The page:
*Damage in Quilty and Seafield following the storms of 2014.
QUILTY AND parts of West Clare “are the forefront of the consequences of climate change,” the Cathaoirleach of the local electoral area has stressed.
Staff in the Office of Public Works (OPW) said that a €4.4m proposal for coastal protection measures between Quilty village and Seafield Pier did not achieve the “required cost benefit ratio”.
In January 2014, Clare County Council spent €50,000 on 1,000 one-tonne bags of rock and sand for use as an interim barrier to defend over a dozen homes in Quilty following coastal flooding in the weeks previous. Permanent protection to properties devastated by that flooding eight years ago has yet to materialise.
Minister of State at the Department of Public Expenditure and Reform with responsibility for the OPW, Patrick O’Donovan (FG) in response to a parliamentary question by Clare TD, Cathal Crowe (FF) detailed that €1.2m for coastal protection works had been allocated to Clare County Council by the OPW since 2009.
This included €65,000 for a coastal erosion and flood risk management study the Mal Bay Coastal Flood and Erosion Risk Management Study covering Quilty, Spanish Point and White Strand in Miltown Malbay in 2015.
However, the Council did not receive funding to a submission made to the Government following the storms and floods of 2014 and 2015 which flagged vulnerable coastline that needed infrastructural improvements to protect public and private property.
The Mal Bay Study identified preferred options for the three sites and in Quilty recommended a rock revetment along the coastline to reduce wave energy and protect the coastline, this had an estimated cost at the time of €4.4m.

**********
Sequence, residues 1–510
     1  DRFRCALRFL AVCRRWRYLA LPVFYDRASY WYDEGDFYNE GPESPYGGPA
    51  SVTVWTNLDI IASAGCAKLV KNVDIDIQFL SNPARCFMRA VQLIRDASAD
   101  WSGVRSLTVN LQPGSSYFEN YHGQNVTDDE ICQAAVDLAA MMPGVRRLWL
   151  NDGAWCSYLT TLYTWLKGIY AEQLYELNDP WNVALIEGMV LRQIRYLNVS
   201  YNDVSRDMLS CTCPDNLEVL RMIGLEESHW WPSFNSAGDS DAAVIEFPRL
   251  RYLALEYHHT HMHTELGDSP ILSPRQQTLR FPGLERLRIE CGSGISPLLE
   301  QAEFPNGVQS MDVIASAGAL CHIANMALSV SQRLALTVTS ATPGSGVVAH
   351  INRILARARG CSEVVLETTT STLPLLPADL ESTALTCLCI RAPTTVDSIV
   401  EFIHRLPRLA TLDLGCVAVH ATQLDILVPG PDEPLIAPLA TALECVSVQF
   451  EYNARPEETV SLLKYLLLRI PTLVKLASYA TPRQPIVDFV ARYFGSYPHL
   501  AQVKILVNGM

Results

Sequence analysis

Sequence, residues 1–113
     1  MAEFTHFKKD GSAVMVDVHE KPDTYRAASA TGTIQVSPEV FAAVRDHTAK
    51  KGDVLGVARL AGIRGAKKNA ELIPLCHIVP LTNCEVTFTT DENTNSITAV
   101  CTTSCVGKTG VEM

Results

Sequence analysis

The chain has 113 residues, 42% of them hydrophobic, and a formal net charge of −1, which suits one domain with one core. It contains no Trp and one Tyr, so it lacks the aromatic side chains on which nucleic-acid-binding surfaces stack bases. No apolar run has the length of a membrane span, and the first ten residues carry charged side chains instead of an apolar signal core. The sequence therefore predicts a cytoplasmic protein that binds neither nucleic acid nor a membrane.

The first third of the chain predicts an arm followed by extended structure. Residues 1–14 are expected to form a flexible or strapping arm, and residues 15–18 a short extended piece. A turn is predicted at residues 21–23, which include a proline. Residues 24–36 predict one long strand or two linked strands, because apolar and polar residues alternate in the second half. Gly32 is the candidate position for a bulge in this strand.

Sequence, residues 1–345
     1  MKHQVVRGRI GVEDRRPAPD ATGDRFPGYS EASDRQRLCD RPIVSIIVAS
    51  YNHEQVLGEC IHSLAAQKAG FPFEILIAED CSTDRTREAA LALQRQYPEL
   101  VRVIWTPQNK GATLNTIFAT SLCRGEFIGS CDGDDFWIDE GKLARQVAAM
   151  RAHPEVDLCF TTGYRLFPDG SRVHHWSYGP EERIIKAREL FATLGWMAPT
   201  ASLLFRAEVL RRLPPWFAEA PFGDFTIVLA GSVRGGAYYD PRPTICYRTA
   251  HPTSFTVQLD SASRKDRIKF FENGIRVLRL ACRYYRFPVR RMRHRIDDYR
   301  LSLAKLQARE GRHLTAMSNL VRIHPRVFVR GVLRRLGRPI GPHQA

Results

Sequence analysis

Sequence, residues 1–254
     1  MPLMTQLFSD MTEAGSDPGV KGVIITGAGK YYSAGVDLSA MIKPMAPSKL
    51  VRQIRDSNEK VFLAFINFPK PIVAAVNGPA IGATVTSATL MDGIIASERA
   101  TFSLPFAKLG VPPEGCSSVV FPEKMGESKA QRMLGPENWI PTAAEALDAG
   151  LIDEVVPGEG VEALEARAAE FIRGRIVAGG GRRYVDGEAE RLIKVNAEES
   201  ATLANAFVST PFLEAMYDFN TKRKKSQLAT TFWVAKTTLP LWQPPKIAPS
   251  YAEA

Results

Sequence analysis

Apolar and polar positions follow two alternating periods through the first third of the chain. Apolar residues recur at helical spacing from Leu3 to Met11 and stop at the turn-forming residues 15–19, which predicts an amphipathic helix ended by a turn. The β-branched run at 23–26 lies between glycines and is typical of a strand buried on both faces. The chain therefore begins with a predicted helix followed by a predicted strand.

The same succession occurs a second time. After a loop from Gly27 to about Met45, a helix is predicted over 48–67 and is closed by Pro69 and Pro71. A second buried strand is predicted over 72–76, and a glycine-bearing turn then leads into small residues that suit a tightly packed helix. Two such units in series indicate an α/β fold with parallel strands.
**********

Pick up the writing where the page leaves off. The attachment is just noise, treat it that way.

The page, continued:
Seán Lenihan, senior engineer in the Council’s project management office recalled that the OPW “were not satisfied that the Quilty proposal achieved the required cost benefit ratio and requested further study on sediment transportation and additional information regarding the recreational benefits and visitor numbers in the area”.
This study has since been submitted to the OPW but Lenihan acknowledged, “given the low benefit to cost ratio, it is unlikely that a major scheme will be funded and the most likely outcome is that the OPW will approve a minor works scheme targeted at the most vulnerable dwelling houses along the coast”.
Technical, environmental and economic criteria must be met before such approval would be granted. “The Council is committed to finding a resolution to the fears and concerns of the affected members of the local community and will continue to seek funding from Government to provide much needed protection to the properties at risk in Quilty,” the Miltown Malbay native added.
Cathaoirleach of the West Clare Municipal District, Cllr Cillian Murphy (FF) recently highlighted the matter and spoke of the photographs he obtained from one Quilty resident, “basically his front lawn is disappearing”.
On the cost benefit ratio mentioned by the OPW, Cllr Murphy commented, “This isn’t pounds, shillings and pence, these are people’s homes and businesses, we can’t put a value on someone’s home and if it could be washed away”.
Cllr Ian Lynch (IND) observed, “we are constantly warned that coastal communities are going to suffer from global warming” to which Murphy responded, “We’re at the forefront of the consequences of climate change. This man is literally scared he will lose his house”.